By Robert Marin
KWCH 12 Eyewitness News
12:28 PM CDT, October 17, 2012
A Kansas lawmaker considers a proposal that would require schools to hold back third graders who have trouble reading.
House Educational Planning Committee chairman Steve Huebert could propose the issue in the 2013 session. At least 14 states and Washington D.C. now require third graders to read at a certain level before being promoted to fourth grade.
School officials in the Pittsburg school district in southeast Kansas enacted a policy last year holding back middle school students who fail core classes. That district says the policy has worked at a middle school where 25% of students were failing last year.
"Most of it is because of lack of turning in work," says Pittsburg superintendent Destry Brown."of those 25%, probably 98% of those were because they weren't handing in any work."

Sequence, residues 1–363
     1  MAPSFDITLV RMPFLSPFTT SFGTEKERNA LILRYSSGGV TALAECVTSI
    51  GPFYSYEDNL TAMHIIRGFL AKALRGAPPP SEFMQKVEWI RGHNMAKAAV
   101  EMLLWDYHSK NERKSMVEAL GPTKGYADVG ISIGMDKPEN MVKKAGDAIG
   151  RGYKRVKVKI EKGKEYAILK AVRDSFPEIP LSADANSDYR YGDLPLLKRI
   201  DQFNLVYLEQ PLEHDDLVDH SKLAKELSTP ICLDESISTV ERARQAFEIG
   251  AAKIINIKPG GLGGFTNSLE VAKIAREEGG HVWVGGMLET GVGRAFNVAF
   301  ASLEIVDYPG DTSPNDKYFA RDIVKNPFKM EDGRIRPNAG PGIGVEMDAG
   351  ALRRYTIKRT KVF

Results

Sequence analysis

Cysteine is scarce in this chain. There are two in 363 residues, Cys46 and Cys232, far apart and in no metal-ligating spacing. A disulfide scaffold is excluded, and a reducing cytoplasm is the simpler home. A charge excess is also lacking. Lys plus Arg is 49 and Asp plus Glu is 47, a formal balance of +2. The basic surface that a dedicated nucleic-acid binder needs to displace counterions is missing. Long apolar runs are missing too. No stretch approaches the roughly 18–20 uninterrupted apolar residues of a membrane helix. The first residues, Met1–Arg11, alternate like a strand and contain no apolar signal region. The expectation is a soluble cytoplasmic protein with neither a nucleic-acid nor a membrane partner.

Brown says only two sixth graders were retained and one is now getting all A's and working hard to possibly be placed back with classmates.
Still, Brown feels holding back third graders may not be the best idea to improve reading. Instead, the superintendent says third graders should be given interventions, and worked with on reading skills. Brown also says more funding for all-day kindergarten and early childhood programs could reach students at the most critical time for learning to read.
A spokesperson from Wichita schools says USD 259 does not have a retention policy, but parents can request that their child be held back if they feel it is in their child's best interest. A district spokesperson also noted, while some states have passed retention policies, their effectiveness is still in question, particularly for students who are proficient in all other areas but reading.
*Our news partners at KOAM-TV contributed to this report
Copyright © 2013, KWCH-TV